March 31, 2006Under mounting congressional pressure, the Homeland Security Department has announced a timetable for issuing tamper-resistant, biometric-based identification cards to millions of workers at U.S. transportation facilities.
The Transportation Security Administration plans to request proposals for the program in early May, according to an announcement Thursday on the FedBizOpps.gov Web site.
Known as TWIC, which is short for transportation worker identification credential, the program will issue cards with information such as fingerprints and iris scans so transportation facilities can verify worker identities and help prevent unauthorized access to secure areas. CNN cited Homeland Security Secretary Michael Chertoff as saying the department will put the cards in the hands of every approved U.S. seaport worker by the end of the year.
Critics, including a growing number of lawmakers, say the program has languished far too long inside the department. The program was started after the Sept. 11, 2001, terrorist attacks, but to date, only a prototype card has been given to some airport and seaport workers in California, Delaware, Florida and Pennsylvania.
Congress has scrutinized the department's timetable for the program in response to concerns over vulnerabilities at U.S. seaports, especially after a Dubai-owned company recently attempted to take over terminal operations at several major ports. Ten House Republicans sent Chertoff a letter Wednesday urging the department "to immediately accelerate implementation" of TWIC.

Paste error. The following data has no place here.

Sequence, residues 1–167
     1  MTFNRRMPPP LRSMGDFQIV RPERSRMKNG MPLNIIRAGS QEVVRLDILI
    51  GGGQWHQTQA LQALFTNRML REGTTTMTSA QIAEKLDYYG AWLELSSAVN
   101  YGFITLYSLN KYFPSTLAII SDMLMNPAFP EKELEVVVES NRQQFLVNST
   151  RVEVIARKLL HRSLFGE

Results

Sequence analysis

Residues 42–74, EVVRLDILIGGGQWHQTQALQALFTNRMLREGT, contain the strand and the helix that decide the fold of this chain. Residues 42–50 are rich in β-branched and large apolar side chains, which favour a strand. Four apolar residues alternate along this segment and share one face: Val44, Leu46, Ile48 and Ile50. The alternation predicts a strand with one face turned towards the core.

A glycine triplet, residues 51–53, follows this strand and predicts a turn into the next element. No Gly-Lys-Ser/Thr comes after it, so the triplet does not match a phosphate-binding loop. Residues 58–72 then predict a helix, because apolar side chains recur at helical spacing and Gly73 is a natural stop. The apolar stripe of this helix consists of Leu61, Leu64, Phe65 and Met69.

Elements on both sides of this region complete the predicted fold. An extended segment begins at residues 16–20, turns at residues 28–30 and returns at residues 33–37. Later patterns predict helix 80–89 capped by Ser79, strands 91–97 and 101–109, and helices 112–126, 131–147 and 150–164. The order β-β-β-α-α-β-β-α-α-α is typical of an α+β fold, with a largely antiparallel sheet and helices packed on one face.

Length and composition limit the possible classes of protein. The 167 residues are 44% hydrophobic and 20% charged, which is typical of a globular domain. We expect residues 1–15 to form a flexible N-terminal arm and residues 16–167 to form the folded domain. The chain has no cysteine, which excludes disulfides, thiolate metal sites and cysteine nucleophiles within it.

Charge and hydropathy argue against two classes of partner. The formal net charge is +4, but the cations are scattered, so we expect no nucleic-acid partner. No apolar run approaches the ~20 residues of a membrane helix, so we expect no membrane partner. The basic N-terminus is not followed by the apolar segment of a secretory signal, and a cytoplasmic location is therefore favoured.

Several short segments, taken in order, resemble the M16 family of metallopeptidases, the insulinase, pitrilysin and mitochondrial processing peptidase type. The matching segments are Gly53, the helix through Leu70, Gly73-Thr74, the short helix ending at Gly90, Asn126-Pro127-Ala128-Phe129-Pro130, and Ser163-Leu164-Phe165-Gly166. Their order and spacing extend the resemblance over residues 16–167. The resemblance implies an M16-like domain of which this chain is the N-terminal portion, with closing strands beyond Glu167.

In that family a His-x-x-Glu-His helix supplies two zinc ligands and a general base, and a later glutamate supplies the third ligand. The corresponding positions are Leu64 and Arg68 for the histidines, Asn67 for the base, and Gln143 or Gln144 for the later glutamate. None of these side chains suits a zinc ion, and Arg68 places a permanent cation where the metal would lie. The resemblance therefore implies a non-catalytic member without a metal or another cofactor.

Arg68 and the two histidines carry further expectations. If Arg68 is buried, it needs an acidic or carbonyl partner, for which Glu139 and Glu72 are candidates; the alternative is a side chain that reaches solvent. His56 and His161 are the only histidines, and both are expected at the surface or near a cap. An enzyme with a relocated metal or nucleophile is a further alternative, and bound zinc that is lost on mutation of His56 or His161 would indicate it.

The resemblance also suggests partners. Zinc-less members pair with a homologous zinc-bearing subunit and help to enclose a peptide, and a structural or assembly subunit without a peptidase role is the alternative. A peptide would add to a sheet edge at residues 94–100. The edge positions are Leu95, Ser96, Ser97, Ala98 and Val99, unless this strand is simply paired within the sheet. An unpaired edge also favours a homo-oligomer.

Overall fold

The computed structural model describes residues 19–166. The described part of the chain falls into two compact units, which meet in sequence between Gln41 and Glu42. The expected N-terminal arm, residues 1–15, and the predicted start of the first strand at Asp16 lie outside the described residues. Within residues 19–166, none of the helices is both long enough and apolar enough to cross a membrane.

"The TWIC program went through four specific development phases, and the final prototype testing phase was completed in the summer of 2005," the lawmakers wrote. "Unfortunately, bureaucratic slowdowns and unforeseen obstacles have put this program over two years behind schedule."
"Without a uniform system," they added, "we are concerned that ports and other vulnerable locations will be forced to implement their own secure identification programs, which likely will not be interoperable with the final federal TWIC program."
Members of the House Homeland Security Committee also want a concrete timetable for issuing cards. Under an amendment to the committee's port security bill, TSA would have to issue final regulations for TWIC by this June and begin issuing cards no later than June 2007.
Senate Homeland Security and Governmental Affairs Committee Chairman Susan Collins, R-Maine, asked the Government Accountability Office last year to investigate TWIC delays.
Industry officials say getting cards to all seaport workers by December is doable, but only if TSA moves quickly to award a contract. "I would say it's a very aggressive schedule," said Steve Lunceford, a spokesman for BearingPoint, which was contracted to develop the prototype TWIC card. He said the company was able to develop and deploy the prototype in less than 100 days.
TSA said in its FedBizOpps announcement that it will use a two-step process for awarding a TWIC deployment contract. The first step is asking companies to submit information on why they are qualified to be the contractor; the second step will consist of requesting proposals to only qualified venders by May 8. The agency did not say when a contract would be awarded.
March 31, 2006